black students are seen to themselves We have never really been a meaningful part of America. We've never had a chance to develop. We've not had. Black curriculum we've not had black teachers we've never seen ourselves in position of thought of authority in the educational system and we've never really seen ourselves in positions of authority in the American system. And then we began to look at ourselves and we say that we could never really be big in the American system. Perhaps we'll try separatism and this is what many of the youngsters are saying I can beat being in my own world. Now what they're really saying is give me a share of the system. And I think we're seeing it in housing we're seeing it in education we're seeing it employment. We're not really saying that we don't like the system. We're saying that the system as it has existed has never let us participate fully. And we're now talking about an introspection a self inspection a self education for the purpose of coming forth and be a
meaningful part of the system. And I think what America's going to have to do is to realize that there will be a period in which black people will. For separatism I will call for it out of a sense of frustration. But I think that's home to me that we would all wish is that after this period of separatism there will be a joining of hands I think it is possible if we do not during this period of separatism leaving aside as the race is as being not willing to change and I think is very important that we will I said it is a sense of frustration that drives them to you know I'm going to comment on that I agree with you. I think I think it's unfortunate that we that we throw that. It's a no trick in politics to throw the least expected turn out your antagonist and so many people nowadays are quickly flipping that word fascism or racism at the militant at the militant blacks. My feeling you know is that for one. First of all most most of the militant black kid
to my know on the campuses this goes all the way from my own area in Boston do well to the west coast. Recently in Colorado the militant blacks were talking this way. As you say I'm no longer linking arms with the whites but there's a kind of quiet tacit understanding frequently very moving and very strong between the white college radicals and their black counterpart. It's almost as though they're saying to each other for a while we're going to do it nearby. But separately one day soon when we get there we'll be together there. And I've seen this happening at many campuses in many different ways and all of that's wrong. That's dramatic That's a dramatic symbol we occupy different different buildings and it was in a tragic Somedays you know at Harvard after the death of Dr. King to see the black students feeling on able to mourn to pray in the University Chapel and leaving and walking outside to pray in the. That that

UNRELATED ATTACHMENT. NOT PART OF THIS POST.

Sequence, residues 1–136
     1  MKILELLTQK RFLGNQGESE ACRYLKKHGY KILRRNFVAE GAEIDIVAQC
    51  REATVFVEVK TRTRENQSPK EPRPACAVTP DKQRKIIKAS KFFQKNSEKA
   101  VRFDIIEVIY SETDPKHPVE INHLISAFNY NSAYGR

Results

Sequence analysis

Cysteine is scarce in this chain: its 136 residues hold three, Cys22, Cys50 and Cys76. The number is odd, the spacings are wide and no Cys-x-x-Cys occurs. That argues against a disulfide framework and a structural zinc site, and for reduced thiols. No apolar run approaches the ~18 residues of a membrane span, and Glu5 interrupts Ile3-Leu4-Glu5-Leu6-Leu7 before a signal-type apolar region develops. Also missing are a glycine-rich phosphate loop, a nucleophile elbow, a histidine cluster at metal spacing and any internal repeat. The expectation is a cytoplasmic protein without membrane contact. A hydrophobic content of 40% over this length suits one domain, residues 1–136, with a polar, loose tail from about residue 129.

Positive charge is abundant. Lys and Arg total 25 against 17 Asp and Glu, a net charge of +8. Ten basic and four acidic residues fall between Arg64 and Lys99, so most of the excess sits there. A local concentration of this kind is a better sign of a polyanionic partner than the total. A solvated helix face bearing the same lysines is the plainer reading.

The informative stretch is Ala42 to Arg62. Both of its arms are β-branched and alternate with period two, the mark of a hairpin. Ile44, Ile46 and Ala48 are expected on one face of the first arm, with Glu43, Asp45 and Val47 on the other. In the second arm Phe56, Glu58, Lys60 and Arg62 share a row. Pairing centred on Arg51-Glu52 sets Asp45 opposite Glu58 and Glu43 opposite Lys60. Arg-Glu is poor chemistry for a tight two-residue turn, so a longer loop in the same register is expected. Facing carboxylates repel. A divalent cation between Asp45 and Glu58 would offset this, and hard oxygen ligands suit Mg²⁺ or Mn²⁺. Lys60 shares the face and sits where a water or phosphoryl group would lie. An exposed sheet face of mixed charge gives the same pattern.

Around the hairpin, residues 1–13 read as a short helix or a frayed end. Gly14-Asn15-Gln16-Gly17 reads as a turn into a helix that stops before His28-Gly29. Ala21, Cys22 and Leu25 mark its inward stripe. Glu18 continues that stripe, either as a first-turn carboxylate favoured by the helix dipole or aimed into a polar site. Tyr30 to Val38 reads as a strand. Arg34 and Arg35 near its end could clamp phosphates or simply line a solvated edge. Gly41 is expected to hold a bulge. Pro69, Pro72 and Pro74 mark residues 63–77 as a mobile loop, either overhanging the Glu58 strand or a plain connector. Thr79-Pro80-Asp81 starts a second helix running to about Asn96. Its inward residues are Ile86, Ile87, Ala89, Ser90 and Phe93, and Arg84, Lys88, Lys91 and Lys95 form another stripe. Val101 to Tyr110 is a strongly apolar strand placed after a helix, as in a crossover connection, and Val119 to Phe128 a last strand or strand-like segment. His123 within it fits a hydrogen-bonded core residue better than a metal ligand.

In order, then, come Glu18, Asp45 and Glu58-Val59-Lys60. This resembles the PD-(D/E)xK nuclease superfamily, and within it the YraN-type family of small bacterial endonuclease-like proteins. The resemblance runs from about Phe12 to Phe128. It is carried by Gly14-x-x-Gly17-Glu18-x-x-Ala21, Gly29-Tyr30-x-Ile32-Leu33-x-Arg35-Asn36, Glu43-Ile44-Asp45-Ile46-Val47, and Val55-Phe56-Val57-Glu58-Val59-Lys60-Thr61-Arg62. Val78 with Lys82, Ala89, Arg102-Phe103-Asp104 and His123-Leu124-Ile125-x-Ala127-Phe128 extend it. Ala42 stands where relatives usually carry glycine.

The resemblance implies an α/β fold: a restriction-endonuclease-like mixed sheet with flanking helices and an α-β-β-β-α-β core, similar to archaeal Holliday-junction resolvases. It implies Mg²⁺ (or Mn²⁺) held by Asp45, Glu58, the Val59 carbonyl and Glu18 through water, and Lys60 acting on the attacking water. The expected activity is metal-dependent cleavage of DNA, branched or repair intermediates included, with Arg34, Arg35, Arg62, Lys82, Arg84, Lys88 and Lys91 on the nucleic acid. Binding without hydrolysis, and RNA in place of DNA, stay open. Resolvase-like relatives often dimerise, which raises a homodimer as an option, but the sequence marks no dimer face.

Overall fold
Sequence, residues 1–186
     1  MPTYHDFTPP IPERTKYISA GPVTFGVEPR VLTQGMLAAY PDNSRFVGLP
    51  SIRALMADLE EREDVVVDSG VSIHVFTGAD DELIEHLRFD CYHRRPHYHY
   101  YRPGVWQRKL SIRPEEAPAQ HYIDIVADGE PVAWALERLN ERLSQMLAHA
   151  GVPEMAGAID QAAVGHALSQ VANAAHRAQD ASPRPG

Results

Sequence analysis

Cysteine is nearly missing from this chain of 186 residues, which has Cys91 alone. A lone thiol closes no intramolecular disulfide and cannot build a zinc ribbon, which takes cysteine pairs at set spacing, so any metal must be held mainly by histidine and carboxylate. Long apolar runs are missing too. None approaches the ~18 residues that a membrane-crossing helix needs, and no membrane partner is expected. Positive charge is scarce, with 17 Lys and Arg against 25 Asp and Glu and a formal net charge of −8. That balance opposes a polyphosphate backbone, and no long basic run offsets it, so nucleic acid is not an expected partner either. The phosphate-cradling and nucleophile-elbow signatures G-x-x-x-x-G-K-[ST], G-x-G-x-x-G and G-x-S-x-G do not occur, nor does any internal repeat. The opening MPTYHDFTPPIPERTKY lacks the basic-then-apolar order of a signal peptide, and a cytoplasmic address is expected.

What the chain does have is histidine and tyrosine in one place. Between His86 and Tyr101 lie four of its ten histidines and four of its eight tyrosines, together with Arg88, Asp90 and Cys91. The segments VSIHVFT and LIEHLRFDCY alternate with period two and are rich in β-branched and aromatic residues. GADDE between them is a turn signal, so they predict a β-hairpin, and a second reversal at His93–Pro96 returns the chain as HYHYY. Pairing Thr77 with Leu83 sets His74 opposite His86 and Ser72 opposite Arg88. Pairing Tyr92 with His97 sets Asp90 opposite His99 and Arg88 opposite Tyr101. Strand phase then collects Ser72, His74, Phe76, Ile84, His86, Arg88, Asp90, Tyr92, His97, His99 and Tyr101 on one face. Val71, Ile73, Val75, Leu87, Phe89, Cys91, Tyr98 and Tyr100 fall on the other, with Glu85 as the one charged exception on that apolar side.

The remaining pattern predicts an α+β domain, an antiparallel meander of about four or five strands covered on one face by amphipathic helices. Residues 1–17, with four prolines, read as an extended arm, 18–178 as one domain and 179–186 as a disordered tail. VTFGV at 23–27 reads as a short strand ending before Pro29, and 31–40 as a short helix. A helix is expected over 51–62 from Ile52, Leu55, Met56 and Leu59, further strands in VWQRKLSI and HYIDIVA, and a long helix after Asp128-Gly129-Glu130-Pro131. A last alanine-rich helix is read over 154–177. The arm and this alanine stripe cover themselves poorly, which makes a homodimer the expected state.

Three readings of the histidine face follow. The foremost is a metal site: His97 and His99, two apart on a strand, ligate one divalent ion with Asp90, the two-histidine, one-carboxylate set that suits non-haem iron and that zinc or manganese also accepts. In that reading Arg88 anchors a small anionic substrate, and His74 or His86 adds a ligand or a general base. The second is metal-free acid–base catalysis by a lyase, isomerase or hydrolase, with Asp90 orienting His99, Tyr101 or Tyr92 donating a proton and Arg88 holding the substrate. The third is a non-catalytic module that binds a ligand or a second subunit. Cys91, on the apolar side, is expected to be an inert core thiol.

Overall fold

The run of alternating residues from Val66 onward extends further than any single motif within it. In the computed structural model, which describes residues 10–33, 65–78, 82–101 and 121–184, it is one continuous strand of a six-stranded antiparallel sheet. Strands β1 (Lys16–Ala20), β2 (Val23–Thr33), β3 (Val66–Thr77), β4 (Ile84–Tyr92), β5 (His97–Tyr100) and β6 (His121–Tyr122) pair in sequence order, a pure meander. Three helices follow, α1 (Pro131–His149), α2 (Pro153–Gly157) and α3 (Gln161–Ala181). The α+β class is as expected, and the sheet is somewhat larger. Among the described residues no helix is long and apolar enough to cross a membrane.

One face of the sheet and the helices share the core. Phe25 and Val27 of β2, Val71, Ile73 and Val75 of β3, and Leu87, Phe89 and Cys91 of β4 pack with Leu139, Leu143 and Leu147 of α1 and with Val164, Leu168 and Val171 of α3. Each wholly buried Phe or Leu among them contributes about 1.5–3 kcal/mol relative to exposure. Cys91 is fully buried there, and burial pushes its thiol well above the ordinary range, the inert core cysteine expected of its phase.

was bitter you know to think you know my God we can't even move in together any longer. I don't think that that's a reversible and I think that the young white radicals on the campus recognize that it's that it's something only temporary what I think is you know the main main thing that impresses me annoys me is someone now 10 years out of college is just the fact that these kids are moving in that they're talking my generation was called the silent generation we did nothing you know I found myself just over 30 and pleading with the young kids to to accept me as s as someone still is still to be trusted. We were known as the Silent John when we were manager I had somebody asked me recently what happened and I said wait a few years ago we started talking. But I was taught in college during those 10 years when you were in college I can assure you you were assigned you know. Yes there's no question about it. And there has been this great change as you said I didn't want to go back one step further when we talk about student power because sometimes it can be eloquent and beautiful and offer a real shining